Tom Holland’s new adventure as Nathan Drake turns out to be a fun, fast-paced adventure heading towards box office milestones, yet the film’s lack of personality due to source material changes robs it from notability. 

Fans of the Uncharted video game series might be delighted to hear that the box office earnings for the film adaptation hit $106.4M in its first weekend, leading Sony Pictures Motion Picture Group Chairman and CEO, Tom Rothman, to declare it a “new hit movie franchise.” 

Those who have read previous articles on Hollywood’s difficulties with creating successful video game adaptations might believe that the box office success of “Uncharted” indicates its addition to a recent trend of positively received adaptations. The film even causing Rothman to express his enthusiasm about a possible sequel. 

While this might be the case, there are a couple of aspects about the film which already indicate a couple of problems that could negatively affect later installments. So, let’s dive into Ruben Fleischer’s “Uncharted” (2022) and examining the elements that make the film a successful action-adventure movie but sub-par as an adaptation.

Surprisingly, “Uncharted” was a mostly faithful adaptation of the popular game series, accurately displaying all the hallmarks of a classic Uncharted-esque adventure.

The adventure begins as aspiring treasure hunter Nathan Drake, played by Tom Holland, is recruited by experienced treasure hunter Victor Sullivan, Mark Wahlberg, to assist him in locating a lost 16th century fortune. With the combination of Nate’s street smarts and clue deciphering skills paired with Sully’s resources and experience, the duo sets out on a globe-trotting journey. 

Seeking to uncover the truth behind the legend of historic Portuguese explorer Ferdinand Magellan’s lost fortune, they must race against the greedy Santiago Moncada, believing the treasure to be his birthright. 

Nate and Sully must face the odds as they solve century-old clues and puzzles as well as fighting off the army of mercenaries hired by Moncada, but find their greatest challenge is figuring out how to work together. 

Many “Uncharted” fans may recognize notable action sequences and narrative pieces in the movie as they mirror prominent plot points from “Uncharted 3: Drake’s Fortune and Uncharted 4: A Thief’s End.” The use of these elements, combined into one movie, surprisingly translates into a well-paced, enjoyable action-adventure as it unfolds into a signature Nathan Drake treasure hunt.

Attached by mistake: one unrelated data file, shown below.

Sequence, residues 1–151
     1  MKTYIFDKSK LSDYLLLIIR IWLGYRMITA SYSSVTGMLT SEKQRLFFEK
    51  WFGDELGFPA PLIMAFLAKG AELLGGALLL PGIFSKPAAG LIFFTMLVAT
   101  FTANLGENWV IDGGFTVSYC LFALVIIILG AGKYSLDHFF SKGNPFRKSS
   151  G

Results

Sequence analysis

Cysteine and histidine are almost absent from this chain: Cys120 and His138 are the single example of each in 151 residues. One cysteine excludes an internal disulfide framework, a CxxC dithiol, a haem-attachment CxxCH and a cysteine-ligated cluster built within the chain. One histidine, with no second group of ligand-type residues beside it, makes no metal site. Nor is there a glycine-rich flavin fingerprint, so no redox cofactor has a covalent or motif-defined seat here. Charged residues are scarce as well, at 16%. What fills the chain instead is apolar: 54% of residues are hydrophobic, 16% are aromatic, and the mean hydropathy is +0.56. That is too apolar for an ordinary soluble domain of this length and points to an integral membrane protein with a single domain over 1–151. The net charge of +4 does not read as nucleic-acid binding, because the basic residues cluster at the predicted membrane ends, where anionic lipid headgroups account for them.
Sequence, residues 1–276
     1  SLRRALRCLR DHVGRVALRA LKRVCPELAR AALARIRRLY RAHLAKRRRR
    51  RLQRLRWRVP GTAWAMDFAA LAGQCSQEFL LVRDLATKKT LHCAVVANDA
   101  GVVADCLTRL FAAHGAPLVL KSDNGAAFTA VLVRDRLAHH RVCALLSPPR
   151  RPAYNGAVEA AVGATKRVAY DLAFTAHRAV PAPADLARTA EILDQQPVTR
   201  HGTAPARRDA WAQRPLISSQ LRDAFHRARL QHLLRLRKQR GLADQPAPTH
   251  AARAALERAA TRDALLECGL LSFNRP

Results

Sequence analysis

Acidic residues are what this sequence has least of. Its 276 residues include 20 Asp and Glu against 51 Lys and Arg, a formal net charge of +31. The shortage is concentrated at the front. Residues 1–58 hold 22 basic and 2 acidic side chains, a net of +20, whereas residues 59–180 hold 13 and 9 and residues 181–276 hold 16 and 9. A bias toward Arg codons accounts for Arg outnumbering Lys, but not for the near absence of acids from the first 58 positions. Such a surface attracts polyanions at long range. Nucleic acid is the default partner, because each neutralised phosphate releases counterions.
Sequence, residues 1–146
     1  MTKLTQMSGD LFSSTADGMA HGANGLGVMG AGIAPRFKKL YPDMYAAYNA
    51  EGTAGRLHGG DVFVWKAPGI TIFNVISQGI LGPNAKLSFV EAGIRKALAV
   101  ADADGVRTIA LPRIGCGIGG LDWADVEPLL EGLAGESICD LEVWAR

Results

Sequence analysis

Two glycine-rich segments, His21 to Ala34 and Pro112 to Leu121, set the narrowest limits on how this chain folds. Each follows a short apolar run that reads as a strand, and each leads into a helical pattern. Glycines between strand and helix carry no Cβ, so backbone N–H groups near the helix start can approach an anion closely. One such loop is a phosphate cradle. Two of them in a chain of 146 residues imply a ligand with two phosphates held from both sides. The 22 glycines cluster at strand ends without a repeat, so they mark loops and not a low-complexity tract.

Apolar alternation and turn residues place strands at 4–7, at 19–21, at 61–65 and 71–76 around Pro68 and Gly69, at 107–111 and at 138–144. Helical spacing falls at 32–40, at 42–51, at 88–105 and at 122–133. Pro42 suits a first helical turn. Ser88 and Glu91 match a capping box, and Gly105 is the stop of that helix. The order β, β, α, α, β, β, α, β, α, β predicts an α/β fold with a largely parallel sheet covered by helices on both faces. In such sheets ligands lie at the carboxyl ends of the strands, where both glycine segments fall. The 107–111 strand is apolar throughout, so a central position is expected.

The initial set up for the hunt of Magellan’s fortune is effective and the transitions between the puzzle solving and action sequences feel organic, striking a natural balance between the two most prominent elements of the plot. There is little error in the film’s execution of fitting into its genre but also little notability as well, and it partly has to do with how the film serves as an adaptation film.

While there are a good number of things the movie got right as an action-adventure film, there are many things it got wrong as an adaptation. In my previous article, I discussed the difficulty with adapting narrative driven video games: “Narrative video games are ‘so similar to movies already… that adapting them into movies seems almost unnecessary, and like it would actually make the stories worse,’ one writer at Forbes suggested.” 

Therefore, directors and scriptwriters have to find a balance between creating an accurately depicted adaptation while also presenting new elements to display something different than what’s already been shown in the games.

Sadly, the changes made to the source material take away from its potential of being a more notable action movie and diminishes it as an adaptation. The most notable changes were the character adjustments, and the dynamic between them, made to Holland and Wahlberg’s characters, Drake and Sullivan. 

The plot serves as an origin story of Drake’s path as a treasure hunter and the lifelong relationship between Drake and Sullivan. Drake initially meets Sullivan in his early 20s, in contrast to meeting Sullivan as teeanger in the games. 

In the games, Drake is a ruggedly charming, witty yet clever treasure hunter. While Holland succeeds in portraying his Drake as witty and clever, the choice to introduce a younger, greener depiction of the treasure hunter casts aside much of the rugged charm the original Drake had. Instead, we have a much more wet-behind-the-ears and arguably frantic character, almost reminiscent of Holland’s past role as the young and inexperienced Spider-Man Peter Parker. In short, it’s nothing we haven’t seen from Holland before.

I was skeptical of Wahlberg’s casting of Sullivan, due to Sullivan being an iconically elderly yet suave and fiercely loyal partner to Drake. He was the definition of a smooth talking silver fox. All of this is lost in the adaptation. Instead, we’re met with a sarcastic, deeply distrusting and greedy Sullivan. Although his character arc  throughout the adventure redeems him, it crippled the character dynamic that could’ve been presented in the first film — a character dynamic that could’ve given even more personality and notability to the film. 

Perhaps possible sequel installments will alleviate the franchise’s problems with blandness and inaccurate character adaptations. But it’s hard to call a Nathan Drake adventure boring, even with a different kind of Drake, making this film still worth the watch.